Previous major multinational and multidisciplinary projects include generating and analysing real-world navigation dialogues between a human and a virtual guide via a mobile phone app (SPACEBOOK) and the cognitive modelling and analysis of professional translators (CASMACAT). I've also investigated cooperative joint action and multimodal communication for Human-Robot Interaction (JAST); over in Psychology I worked on Dynamic Images and Eye Movements (DIEM), the aim of which was to model visual attention over moving, real-world stimuli. Acronyms are a big part of research (or getting funding anyway). Recently I've become interested in (cyber) security, particularly "usable" security and human factors. The old adage about the human being the weakest link in any security system remains true. For me, this combines issues of basic Human-Computer Interaction (HCI) design, human memory and attention, along with establishing trust, comfort and confidence (factors that also have strong political connotations). Plus, of course, the flip-side: how to prevent trust, comfort and confidence from being exploited/abused (i.e. risk assessment in a digital environment). This is especially true for the youngest technology adopters/users and ties in with the interest of the Learning and Adaptive Environments Research Lab (LAERLab).
With experience of working for psychology and computing departments at both Edinburgh and Dundee, I'm used to working on multidisciplinary projects, as well as teaching courses and supervising students in psychology, computing, linguistics, politics, business studies and art/design. I’ve organised international conferences, co-edited the book “Eye Movements: A Window on Mind and Brain” and try to find time to write up as much of my research as possible. As well as being involved in several multinational EU projects, I have previously been funded by the Leverhulme Trust, the ESRC, IBM and have collaborated with Fujitsu. For my sins, I'm the Lab Supervisor for the Joint Eye-tracking Laboratory in the basement of the Informatics Forum and manage the brand new Neuropolitics Research Laboratory (opened Feb 2016). You can follow NRLabs on Facebook, Twitter @neuropols #NRLabs, blog and Storify. I've also had some fun with conductive gel (having helped set up a combined BioSemi EEG and EyeLink eye-tracking facility in the Electrophysiology Suite in Psychology).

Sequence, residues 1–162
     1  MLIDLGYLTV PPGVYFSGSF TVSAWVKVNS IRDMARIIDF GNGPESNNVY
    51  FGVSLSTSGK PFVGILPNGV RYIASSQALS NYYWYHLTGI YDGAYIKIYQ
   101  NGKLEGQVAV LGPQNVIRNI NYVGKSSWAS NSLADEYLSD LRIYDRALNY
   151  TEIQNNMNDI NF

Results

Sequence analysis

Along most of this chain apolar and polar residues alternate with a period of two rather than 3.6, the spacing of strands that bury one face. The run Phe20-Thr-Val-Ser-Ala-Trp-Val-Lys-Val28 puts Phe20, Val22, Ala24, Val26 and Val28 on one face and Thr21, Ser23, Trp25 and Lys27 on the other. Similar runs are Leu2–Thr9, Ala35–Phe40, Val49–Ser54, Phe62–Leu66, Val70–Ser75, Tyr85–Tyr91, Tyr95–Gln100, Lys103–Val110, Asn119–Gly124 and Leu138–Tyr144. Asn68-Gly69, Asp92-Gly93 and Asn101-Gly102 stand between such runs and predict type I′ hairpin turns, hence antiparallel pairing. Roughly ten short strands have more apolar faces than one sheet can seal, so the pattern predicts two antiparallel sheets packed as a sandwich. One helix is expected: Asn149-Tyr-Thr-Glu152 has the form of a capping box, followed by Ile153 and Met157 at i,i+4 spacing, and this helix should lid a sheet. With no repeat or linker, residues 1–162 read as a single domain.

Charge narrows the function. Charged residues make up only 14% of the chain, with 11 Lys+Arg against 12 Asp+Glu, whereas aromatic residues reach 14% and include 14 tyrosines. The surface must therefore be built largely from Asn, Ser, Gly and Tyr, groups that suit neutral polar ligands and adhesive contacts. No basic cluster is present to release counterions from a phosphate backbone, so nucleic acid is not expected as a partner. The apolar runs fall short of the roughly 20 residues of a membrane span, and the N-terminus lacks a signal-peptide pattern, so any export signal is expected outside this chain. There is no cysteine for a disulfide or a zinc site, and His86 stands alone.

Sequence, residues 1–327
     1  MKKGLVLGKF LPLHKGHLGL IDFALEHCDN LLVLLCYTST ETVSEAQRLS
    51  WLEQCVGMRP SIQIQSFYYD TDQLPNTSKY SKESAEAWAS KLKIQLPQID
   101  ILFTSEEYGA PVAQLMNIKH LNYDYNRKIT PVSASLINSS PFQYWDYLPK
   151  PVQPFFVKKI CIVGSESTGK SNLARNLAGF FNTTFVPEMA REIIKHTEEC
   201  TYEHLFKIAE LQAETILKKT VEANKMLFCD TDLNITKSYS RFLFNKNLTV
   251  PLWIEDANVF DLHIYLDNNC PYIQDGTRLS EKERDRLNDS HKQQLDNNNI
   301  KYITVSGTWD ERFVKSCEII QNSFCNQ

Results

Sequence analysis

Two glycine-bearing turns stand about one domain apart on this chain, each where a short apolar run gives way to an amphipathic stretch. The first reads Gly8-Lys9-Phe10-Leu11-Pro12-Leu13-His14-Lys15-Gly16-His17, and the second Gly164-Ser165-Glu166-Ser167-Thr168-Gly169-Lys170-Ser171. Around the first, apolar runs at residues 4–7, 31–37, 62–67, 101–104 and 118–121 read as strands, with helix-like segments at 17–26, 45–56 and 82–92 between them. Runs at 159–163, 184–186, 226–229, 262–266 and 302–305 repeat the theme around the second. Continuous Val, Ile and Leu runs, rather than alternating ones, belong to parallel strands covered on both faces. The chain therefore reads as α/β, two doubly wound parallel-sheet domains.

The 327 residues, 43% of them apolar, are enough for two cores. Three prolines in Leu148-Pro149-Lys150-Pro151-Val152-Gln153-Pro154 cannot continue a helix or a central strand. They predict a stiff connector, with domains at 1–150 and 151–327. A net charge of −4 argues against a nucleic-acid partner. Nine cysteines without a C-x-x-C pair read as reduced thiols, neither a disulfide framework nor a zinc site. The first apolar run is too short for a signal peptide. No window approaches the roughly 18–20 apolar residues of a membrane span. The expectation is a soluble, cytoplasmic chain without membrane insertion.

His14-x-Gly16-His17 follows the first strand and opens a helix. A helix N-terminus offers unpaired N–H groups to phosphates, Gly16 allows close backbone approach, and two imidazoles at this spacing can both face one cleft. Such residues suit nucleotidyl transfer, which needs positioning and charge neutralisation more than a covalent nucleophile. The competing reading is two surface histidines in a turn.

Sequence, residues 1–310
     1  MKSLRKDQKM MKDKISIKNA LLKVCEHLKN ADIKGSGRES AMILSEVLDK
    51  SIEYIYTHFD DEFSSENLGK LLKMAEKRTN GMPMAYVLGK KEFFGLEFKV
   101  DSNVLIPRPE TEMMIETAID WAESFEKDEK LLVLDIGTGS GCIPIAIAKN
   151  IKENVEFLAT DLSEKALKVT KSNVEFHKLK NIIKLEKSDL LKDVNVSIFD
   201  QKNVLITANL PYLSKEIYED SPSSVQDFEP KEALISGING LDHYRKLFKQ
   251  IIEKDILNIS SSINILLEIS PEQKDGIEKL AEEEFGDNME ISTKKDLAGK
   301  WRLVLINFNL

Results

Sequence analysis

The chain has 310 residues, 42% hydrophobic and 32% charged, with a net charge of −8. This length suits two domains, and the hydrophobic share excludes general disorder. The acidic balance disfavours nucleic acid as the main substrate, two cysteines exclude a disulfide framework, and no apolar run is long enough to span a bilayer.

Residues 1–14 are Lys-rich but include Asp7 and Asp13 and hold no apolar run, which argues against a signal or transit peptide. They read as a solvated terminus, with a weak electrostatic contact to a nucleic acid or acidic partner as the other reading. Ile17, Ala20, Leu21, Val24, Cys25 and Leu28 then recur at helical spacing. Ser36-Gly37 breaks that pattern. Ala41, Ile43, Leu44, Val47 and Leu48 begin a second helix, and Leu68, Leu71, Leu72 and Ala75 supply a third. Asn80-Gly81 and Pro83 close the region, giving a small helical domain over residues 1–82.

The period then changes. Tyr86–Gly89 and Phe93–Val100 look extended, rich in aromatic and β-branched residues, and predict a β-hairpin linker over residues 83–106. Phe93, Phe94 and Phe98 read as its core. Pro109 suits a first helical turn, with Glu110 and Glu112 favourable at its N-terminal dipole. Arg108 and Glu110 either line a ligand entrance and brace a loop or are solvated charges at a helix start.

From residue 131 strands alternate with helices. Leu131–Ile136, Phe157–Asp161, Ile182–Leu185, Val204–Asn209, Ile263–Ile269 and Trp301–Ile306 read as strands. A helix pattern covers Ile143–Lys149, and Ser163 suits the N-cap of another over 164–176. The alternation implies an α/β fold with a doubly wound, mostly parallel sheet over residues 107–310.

B.Sc. (Hons) Logic & Philosophy of Science – Statistics
M.Phil. Cognitive Science
Binge researching (defined by Arnt Lykke Jakobsen in his exaugural), cynicism, poverty and self-abuse.
Academic Link / Quote of the moment:
"ICTs [information and communication technologies] are great in making information available; they are less successful in making it accessible, and even less so in making it usable."
Floridi, Luciano (2013). E-ducation and the languages of information. Philosophy & Technology, 26(3), 247-251. doi: 10.1007/s13347-013-0124-9.
An example of how technology accessibility can lead to non-native language preference despite cultural differences. How Georgians have abandoned their (vigesimal) number system in favour of Russian - at least for mobile phone numbers:
Sherouse, Perry (2014). Hazardous digits: Telephone keypads and Russian numbers in Tbilisi, Georgia. Language & Communication, 37, 1-11. doi: 10.1016/j.langcom.2014.03.001.
A window into the future
Well, this is perhaps stretching the concept of Human Robot Interaction a bit far, and it doesn't even involve language, but it is a nicely produced video demonstrating human and robot sword skills, so what's not to like?